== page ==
File photo of Dr Mamta Sharma and her team at work in the pathogen lab. Photo: S Punna, ICRISAT
14
Aug

Soil-borne pathogen new to chickpea growing regions in India detected

File photo of Dr Mamta Sharma and her team at work in the pathogen lab. Photo: S Punna, ICRISAT

File photo of Dr Mamta Sharma and her team at work in the pathogen lab. Photo: S Punna, ICRISAT

A soil-borne pathogen, new to chickpea growing regions in India, was detected during a real-time survey being conducted regularly to study the spike in soil-borne diseases. After intensive morphological and molecular characterization, the pathogen was identified as Ectophoma multirostrata – which to the best of our knowledge, this is the first report of E. multirostrata causing root rot of chickpea worldwide. The sequence of this new pathogen was submitted to the National Center for Biotechnology Information GenBank database and the findings were published in Plant Disease , a leading international journal for rapid reporting of research on new, emerging, and established plant disease.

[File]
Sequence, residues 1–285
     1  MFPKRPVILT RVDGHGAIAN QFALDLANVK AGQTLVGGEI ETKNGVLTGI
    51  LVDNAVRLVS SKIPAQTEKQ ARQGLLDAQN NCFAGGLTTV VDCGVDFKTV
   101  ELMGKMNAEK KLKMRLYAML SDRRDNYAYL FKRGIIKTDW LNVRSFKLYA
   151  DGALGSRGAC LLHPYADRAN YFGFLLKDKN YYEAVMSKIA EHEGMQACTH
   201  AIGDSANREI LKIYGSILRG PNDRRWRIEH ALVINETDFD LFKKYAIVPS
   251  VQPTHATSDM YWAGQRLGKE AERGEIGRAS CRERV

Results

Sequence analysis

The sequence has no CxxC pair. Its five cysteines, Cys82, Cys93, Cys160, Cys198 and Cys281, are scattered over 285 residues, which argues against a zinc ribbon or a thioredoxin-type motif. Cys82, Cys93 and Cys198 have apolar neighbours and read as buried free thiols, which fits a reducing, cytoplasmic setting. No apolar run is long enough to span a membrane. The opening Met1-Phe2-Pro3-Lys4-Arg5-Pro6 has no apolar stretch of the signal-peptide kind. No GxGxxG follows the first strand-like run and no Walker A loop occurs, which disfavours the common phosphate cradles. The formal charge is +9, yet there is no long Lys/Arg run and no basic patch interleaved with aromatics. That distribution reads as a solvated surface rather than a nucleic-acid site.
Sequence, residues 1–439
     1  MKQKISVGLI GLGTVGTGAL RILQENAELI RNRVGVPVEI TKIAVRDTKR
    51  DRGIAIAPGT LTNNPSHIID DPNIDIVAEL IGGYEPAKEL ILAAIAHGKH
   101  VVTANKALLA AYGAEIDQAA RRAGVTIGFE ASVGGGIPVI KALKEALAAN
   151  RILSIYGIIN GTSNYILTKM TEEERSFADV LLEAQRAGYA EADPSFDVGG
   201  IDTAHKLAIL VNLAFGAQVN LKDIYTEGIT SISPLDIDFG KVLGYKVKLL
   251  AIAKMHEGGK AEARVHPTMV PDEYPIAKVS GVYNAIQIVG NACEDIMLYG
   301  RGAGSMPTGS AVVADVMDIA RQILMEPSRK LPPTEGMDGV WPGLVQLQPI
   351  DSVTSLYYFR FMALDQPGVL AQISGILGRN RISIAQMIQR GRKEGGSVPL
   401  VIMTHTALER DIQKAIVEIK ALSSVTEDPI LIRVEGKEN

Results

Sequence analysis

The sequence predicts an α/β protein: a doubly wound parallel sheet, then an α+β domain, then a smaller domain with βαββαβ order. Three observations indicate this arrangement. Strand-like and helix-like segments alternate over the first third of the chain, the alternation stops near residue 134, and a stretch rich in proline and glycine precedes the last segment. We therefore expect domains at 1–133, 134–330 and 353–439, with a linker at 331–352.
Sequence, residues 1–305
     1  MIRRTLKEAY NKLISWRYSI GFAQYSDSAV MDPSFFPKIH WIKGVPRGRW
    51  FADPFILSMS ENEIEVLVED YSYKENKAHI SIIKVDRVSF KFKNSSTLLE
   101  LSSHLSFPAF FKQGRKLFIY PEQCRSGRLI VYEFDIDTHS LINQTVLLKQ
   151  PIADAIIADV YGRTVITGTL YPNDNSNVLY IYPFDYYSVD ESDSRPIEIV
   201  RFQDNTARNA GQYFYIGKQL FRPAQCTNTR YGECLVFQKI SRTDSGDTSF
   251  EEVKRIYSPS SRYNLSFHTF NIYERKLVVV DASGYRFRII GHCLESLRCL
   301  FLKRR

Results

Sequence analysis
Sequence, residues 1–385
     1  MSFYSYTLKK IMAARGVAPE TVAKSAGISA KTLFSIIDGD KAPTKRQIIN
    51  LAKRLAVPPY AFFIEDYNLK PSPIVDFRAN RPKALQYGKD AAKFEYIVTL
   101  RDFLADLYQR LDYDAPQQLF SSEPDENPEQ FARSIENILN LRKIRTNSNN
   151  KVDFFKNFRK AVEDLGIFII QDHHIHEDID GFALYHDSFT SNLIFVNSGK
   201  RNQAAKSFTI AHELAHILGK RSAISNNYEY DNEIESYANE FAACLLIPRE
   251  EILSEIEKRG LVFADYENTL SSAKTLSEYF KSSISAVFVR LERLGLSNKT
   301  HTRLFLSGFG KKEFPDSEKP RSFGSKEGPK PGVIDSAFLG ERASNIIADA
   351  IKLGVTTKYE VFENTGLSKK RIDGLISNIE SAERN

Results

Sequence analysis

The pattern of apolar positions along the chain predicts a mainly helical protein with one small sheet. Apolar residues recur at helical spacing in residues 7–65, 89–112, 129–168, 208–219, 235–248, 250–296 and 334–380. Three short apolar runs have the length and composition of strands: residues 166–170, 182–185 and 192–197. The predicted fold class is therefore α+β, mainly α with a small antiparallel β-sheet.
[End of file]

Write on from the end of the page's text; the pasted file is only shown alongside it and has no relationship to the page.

Infected chickpea samples were collected from 300 different fields in five states — Madhya Pradesh, Maharashtra, Andhra Pradesh, Telangana, and Karnataka — spanning a diverse range of climates. An average incidence of soil-borne pathogens in the surveyed tracts was 25-30%. Of the 150 symptomatic root samples, most of the fungal colonies obtained were identified as Macrophomina phaseolina (syn. Rhizoctonia bataticola) causing dry root rot in chickpea, while isolations from 10-15% samples recurrently yielded the new pathogen closely resembling Macrophomina phaseolina.

Previous reports of E. multirostrata causing root rot were from Australia in coriander. Studies are underway to examine if this new pathogen has a climate change aspect to it. Since the disease symptoms are very similar to dry root rot and hard to differentiate visually, molecular characterization is needed for identification.

Due to soil-borne nature of this pathogen, field practices like deep summer ploughing, cultivation of alternative crops and soil solarization can reduce this disease severity to some extent.

The ongoing survey in major chickpea growing states in India is being conducted under the aegis of the Department of Science and Technology, Government of India and the Center of Excellence on Climate Change Research for Plant Protection in partnership with National Agricultural Research Systems.

This work was undertaken as part of the CRP Grain Legumes and Dryland Cereals (CRP-GLDC)

(L-R) Root Rot Symptoms, Pycnidia on host tissue and colony containing conidia. Photo: ICRISAT

(L-R) Root Rot Symptoms, Pycnidia on host tissue and colony containing conidia. Photo: ICRISAT

Read more on pests and diseases on EXPLOREit

This work contributes to UN Sustainable Development Goal.
13-climate-action 15-life-onland 17-partnerships-goals 

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